Minimum alcohol price plan revealed
The minimum cost of a bottle of Chardonnay could be between £4 and £7 under fresh pricing proposals in Northern Ireland.
Laws designed to curb binge-drinking and reduce anti-social behaviour are being launched for consultation.
A six-pack of beer may cost a minimum of between £4.40 and £7.70 under the regulation, which is based on the number of units of alcohol.
It is estimated alcohol abuse costs society £900 million a year, the Department for Social Development said.
Social Development Minister Alex Attwood said: "I want to make it clear that we are in no way penalising responsible drinkers. I am though concerned about the level of alcohol misuse in Northern Ireland and in particular how heavily discounted alcohol prices contributes to the problem.
"I believe there is a strong weight of evidence for introducing minimum pricing as a further tool for tackling the harm of alcohol misuse in our society."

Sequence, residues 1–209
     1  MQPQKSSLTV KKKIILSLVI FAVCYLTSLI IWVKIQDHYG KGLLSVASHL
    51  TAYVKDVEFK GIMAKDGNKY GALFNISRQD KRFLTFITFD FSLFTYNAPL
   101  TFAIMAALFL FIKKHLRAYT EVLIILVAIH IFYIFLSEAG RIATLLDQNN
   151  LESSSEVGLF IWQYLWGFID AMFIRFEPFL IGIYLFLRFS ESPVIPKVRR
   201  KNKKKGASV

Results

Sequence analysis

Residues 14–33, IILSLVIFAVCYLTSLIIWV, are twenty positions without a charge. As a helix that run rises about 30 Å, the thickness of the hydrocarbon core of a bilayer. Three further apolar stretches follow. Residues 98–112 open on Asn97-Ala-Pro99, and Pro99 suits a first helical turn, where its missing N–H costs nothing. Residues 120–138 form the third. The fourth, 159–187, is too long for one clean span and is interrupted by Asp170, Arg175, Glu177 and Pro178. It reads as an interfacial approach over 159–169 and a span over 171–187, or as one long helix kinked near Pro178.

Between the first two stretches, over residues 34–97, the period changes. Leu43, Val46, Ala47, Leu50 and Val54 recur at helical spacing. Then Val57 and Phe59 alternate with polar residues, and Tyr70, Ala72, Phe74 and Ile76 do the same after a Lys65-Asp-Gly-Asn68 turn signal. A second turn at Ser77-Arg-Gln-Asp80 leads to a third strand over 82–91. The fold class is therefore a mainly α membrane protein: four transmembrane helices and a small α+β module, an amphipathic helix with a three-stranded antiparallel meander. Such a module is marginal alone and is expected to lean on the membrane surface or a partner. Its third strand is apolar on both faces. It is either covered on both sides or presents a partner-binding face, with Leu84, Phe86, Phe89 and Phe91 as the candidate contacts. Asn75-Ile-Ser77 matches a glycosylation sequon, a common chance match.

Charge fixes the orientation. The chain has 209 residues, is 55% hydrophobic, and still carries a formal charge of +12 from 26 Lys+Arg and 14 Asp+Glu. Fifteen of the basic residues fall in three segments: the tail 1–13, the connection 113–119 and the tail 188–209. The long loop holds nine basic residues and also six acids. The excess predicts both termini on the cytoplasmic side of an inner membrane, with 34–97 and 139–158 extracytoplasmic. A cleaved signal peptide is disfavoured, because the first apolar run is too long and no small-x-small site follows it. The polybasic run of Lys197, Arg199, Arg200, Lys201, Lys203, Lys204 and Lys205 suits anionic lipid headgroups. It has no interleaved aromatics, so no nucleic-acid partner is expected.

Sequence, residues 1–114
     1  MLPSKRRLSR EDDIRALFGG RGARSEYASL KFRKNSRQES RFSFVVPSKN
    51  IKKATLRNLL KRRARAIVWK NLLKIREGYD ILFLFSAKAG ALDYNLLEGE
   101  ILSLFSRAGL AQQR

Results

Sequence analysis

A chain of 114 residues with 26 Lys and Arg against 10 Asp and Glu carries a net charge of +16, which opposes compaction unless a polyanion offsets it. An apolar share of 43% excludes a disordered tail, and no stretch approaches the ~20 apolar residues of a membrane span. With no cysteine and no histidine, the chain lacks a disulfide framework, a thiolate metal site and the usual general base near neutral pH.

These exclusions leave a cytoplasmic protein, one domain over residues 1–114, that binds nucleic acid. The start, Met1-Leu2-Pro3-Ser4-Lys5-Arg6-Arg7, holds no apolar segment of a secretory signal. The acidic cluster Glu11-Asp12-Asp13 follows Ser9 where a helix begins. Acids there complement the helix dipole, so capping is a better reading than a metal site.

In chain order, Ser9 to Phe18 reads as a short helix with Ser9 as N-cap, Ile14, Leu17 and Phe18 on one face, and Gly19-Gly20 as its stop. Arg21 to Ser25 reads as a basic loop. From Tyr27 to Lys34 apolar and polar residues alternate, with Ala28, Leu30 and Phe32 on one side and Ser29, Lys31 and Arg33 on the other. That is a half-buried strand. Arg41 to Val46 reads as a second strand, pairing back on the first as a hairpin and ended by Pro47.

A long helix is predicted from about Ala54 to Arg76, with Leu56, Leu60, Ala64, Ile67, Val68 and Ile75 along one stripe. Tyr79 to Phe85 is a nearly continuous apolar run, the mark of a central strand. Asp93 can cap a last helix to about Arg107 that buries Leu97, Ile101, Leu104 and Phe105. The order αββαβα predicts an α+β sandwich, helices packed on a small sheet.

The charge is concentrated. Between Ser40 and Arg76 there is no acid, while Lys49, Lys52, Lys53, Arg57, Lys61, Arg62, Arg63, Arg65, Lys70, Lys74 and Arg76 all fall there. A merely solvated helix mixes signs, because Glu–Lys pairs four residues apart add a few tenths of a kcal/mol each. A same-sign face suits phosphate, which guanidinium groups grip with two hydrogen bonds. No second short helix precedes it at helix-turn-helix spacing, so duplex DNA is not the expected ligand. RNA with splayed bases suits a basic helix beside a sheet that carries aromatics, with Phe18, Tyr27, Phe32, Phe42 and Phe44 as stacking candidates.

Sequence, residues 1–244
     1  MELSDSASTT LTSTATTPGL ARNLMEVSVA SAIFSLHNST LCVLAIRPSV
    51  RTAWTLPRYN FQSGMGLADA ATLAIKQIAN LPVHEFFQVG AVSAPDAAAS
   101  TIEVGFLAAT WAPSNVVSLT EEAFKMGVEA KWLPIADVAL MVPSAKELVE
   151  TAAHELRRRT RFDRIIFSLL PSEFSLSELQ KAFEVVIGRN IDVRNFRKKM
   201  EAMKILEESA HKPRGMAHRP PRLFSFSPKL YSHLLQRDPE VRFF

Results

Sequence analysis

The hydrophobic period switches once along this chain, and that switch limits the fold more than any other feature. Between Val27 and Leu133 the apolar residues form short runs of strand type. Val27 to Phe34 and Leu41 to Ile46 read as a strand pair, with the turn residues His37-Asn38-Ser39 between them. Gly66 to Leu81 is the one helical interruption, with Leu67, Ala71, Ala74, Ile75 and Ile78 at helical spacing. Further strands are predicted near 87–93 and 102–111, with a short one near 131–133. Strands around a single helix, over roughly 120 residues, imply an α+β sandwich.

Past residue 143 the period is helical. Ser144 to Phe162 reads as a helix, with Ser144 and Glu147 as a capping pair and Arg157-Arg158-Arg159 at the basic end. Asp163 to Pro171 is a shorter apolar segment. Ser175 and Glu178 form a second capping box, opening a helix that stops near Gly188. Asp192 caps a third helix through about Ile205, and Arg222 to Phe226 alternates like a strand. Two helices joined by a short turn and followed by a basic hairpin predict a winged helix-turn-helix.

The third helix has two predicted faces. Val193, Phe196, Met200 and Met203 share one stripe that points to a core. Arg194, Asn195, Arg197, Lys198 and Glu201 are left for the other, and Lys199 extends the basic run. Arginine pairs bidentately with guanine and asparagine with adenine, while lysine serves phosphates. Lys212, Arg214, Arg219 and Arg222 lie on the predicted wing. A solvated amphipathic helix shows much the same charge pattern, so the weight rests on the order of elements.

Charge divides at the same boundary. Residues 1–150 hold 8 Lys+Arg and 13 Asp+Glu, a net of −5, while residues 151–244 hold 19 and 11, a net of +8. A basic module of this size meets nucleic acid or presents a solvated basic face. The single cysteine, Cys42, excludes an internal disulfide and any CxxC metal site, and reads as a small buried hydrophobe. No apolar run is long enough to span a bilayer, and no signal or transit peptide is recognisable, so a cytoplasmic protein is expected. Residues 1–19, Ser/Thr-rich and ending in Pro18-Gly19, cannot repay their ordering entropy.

Health Minister Michael McGimpsey said in real terms alcohol was 62% more affordable now than 30 years ago.
He added research indicated a minimum price per unit of alcohol of 40p and a ban on promotions could decrease consumption by 5.4%. This would mean health and social care costs could be cut by £13.5 million a year.
Mr McGimpsey said: "We need to take significant action now and today's consultation marks an important step in changing our unhealthy relationship with alcohol. It will not come overnight but by working in partnership and being pro-active we will make a difference."
Colin Neill, chief executive of Pubs of Ulster, which represents the trade, said: "We welcome the launch of the consultation on a minimum price for alcohol and hope that this is the first step in the process of bringing about effective legislation on the issue in Northern Ireland."